Monad Laws

Welcome to the final part of our series on monads in Haskell! So far, we’ve learned most of the concrete details you’ll need in order to use monads in your programs. But there’s still one more abstract concept we should cover in relation to all these structures. This is the notion of structural “laws”. These are rules that these typeclasses should to follow to meet other programmers expectations about our code.

Each of the structures we’ve discussed has its own set of laws. If you need to review anything about these structures and the typeclass functions that comprise them, be sure to review part 1, part 2 and part 3 of this course.

Once you understand all this, you’ll be all ready to kick your Haskell learning into high gear! Download our Production checklist for some ideas about libraries you can learn to perform common tasks.

Life without Laws

Remember Haskell represents each of our abstract classes by a type class. Each of these type classes has one or two main functions. So, as long as we implement those functions and it type checks, we have a new functor/applicative/monad, right?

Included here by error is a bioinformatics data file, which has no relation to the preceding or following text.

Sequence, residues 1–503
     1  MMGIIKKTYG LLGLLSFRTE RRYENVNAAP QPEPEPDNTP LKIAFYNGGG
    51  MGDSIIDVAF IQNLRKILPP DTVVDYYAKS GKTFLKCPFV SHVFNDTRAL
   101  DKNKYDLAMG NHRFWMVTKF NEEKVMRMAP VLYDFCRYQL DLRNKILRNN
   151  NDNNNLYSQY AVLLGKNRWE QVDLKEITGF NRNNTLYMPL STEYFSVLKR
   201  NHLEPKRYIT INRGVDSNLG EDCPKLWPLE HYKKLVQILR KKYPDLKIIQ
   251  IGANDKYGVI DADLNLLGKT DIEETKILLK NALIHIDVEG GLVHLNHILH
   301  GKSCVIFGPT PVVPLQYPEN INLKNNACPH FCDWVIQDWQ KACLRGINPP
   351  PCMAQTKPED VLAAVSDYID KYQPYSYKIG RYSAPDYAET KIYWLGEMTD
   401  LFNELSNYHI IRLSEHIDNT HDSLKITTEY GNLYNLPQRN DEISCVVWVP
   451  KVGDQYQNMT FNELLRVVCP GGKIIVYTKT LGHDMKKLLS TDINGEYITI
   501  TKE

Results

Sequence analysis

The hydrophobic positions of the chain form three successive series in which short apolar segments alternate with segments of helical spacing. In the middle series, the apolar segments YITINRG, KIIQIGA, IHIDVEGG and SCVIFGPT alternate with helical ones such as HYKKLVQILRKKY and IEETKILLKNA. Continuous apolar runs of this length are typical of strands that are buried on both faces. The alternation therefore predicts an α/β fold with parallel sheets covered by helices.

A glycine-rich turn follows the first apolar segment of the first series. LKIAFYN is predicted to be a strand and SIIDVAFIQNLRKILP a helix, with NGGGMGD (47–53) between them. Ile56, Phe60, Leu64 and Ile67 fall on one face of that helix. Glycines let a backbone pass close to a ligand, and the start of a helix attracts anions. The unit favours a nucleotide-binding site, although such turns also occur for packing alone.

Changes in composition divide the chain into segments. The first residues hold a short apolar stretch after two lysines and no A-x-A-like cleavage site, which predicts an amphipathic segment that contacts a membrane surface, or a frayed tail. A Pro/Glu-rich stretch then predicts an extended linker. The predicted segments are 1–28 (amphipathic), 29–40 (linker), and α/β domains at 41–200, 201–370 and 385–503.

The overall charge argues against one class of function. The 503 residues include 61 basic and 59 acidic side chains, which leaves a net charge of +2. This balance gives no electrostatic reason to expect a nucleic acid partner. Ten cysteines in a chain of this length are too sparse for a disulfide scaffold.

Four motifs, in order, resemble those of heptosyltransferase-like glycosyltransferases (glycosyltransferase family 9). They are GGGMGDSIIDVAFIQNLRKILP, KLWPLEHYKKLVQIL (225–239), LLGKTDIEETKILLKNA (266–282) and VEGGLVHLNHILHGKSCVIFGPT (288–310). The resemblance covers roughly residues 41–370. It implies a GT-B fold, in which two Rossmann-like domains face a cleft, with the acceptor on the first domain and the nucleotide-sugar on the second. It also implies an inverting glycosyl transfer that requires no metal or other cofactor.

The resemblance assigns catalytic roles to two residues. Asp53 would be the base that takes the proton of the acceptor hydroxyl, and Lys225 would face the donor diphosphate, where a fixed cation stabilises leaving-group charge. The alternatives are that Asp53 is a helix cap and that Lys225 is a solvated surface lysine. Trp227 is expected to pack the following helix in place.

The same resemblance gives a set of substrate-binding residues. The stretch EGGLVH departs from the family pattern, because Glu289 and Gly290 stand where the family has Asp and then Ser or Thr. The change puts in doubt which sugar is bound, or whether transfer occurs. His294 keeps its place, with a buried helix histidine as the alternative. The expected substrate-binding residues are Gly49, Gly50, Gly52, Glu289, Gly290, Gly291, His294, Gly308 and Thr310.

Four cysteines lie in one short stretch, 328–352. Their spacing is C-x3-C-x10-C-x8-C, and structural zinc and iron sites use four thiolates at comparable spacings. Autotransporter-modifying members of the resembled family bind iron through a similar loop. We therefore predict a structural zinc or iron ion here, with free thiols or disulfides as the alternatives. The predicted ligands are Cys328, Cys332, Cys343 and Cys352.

Well not quite. Yes, your program will compile and you’ll be able to use the instances. But this doesn't mean your instances follow the mathematical constructs. If they don't, your instances won't fulfill other programmers’ expectations. Each type class has its own “laws”. For instance, let's think back to the GovDirectory type we created in the functor article. Suppose we made a different functor instance than we had there:

data GovDirectory a = GovDirectory {
  mayor :: a,
  interimMayor :: Maybe a,
  cabinet :: Map String a,
  councilMembers :: [a]

instance Functor GovDirectory where
  fmap f oldDirectory = GovDirectory {
    mayor = f (mayor oldDirectory),
    interimMayor = Nothing,
    cabinet = f <$> cabinet oldDirectory,
    councilMembers = f <$> councilMembers oldDirectory

As we’ll see, this would violate one of the functor laws. In this case it would not be a true functor. Its behavior would confuse any other programmer trying to use it. We should take care to make sure that our instances make sense. Once you get a feel for these type classes, the likelihood is that the instances you’ll create follow the laws. So don’t sweat it if a few of these are confusing. This article will be very math-y, and we won’t dwell too much on the concepts. You can understand and use these classes without knowing these laws by heart. So without further ado, let’s dive into the laws!

Functor Laws

There are two functor laws. The first is an identity law. We’ll see some variation of this idea for each of the type classes. Remember how fmap "maps" a function over our container. If we map the identity function over a container, the result should be the same container object:

fmap id = id

In other words, our functor should not be applying any extra changes or side effects. It should only apply the function. The second law is a composition law. It states our functor implementation should not break the composition of functions: